Putin, for his part, decided that he would resolve the Ukraine problem once and for all. His aims were to get rid of the Nazis who certainly exist in large numbers, to demilitarise and get rid of all the US weaponry installed in Ukraine, thus getting rid of the threat to Russia, and finally to liberate the Donbas and allow them the autonomy that the Minsk Accords were supposed to secure.

    Russia is done with the west. It’s over. Contrary to what the MSM tells you the world is not unified in their condemnation of Russia. China, India, Brazil, South Africa, Saudi Arabia are all on side. I suspect many more countries would be heartily glad to see the US lose its “indispensable” status . As the great Stephen Cohen said , if the US is the one indispensable nation what does that make everyone else?

  • Pears Morgaine

    I can’t imagine Putin agreeing to withdraw from Donbass in return for making Russia’s annexation of Crimea legal. I doubt the Russian people would accept it either after all the blood and materiel that has been lost. Austria’s Chancellor Karl Nehammer visited Putin last month and found him unresponsive to any talks of peace and why shouldn’t he be whilst he thinks he’s winning.

    https://www.politico.com/news/2022/04/17/austria-putin-nehammer-russia-ukraine-00025702

    Sadly the way I see this war progressing is it settling into a stalemate which drags on for years. Russia might occupy the whole of the country but any battle for hearts and minds is lost and they’ll face constant guerrilla warfare (funded and supported by the west) draining their manpower, economy and will until they realise the struggle just isn’t worth it.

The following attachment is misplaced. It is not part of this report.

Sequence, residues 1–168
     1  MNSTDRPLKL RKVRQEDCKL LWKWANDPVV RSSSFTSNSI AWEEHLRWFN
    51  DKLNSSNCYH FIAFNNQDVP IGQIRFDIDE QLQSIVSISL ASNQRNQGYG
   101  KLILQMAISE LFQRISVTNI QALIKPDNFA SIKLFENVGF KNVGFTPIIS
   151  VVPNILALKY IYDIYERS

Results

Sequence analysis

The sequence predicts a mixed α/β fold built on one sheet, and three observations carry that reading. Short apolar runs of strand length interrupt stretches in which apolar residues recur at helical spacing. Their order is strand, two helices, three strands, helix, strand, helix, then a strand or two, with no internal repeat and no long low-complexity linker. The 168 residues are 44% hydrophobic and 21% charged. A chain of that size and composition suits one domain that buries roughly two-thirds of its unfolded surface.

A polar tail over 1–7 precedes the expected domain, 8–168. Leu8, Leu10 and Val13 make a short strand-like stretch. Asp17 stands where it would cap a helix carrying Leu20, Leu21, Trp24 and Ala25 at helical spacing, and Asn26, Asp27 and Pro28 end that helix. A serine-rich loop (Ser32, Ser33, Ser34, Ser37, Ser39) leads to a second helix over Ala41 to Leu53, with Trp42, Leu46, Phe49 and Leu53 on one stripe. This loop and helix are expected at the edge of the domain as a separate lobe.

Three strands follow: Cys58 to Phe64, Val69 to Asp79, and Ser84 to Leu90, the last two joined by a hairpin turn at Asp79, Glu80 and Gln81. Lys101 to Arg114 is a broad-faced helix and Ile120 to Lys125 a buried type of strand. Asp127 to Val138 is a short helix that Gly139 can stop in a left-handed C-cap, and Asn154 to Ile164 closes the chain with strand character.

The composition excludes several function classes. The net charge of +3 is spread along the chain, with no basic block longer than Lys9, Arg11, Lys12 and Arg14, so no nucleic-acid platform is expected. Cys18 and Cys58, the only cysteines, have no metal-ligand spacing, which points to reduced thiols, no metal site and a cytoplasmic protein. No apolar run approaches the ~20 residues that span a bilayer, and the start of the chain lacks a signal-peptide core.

• Wikikettle

      Craig’s proposals are nearly the same as the Minsk Agreements, signed by Ukraine under UN France and German auspices. Ukraine did not comply and weren’t allowed to by US. The populations of Donbas who asked for Independence soon after the coup, were rejected by Russia in a hope for autonomy and repeal of anti Russian speaking laws by Kiev and maintain Ukrainian Sovereignty. Crimea and its existential importance as a naval base for Russia, was never going to be allowed taken over by Ukraine US Nato. Eight years of shelling was endured by the populations of Donbass, without a word from the west. I can only see a resolution of this tragedy by the Ukrainian Army itself. It has to overthrow its own government, purge the Nazis and hold new elections and inshrine Neutrality and ask all foreign forces to leave. The poor Ukrainian people are lumbered with being between Russia and Nato. Nearly half of them are ethnic Russians and would have found economic prosperity being friendly with both East and West. Yet the few as always took the Dollar and sold their country out to destruction and break up. There are an increasing amount of Ukrainian families who are hearing from their men in the front lines of desertion of their own comanders. The outside world can postulate all it wants, launder billions of dollars, dump old weapons to clear out old inventories, increase their ” defence ” budgets, demonise Russians, their culture, cry false tears, yet dare not fight Russians themselves. No, the only people to stop this madness is the Ukrainian Army itself.

      • Pears Morgaine